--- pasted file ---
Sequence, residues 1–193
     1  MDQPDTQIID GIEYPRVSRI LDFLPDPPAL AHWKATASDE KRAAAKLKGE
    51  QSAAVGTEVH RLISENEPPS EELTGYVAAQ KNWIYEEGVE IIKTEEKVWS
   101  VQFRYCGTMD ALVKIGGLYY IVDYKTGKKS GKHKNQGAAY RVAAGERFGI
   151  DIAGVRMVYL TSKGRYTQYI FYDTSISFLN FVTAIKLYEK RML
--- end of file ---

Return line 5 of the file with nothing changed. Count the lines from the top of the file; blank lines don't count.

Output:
   151  DIAGVRMVYL TSKGRYTQYI FYDTSISFLN FVTAIKLYEK RML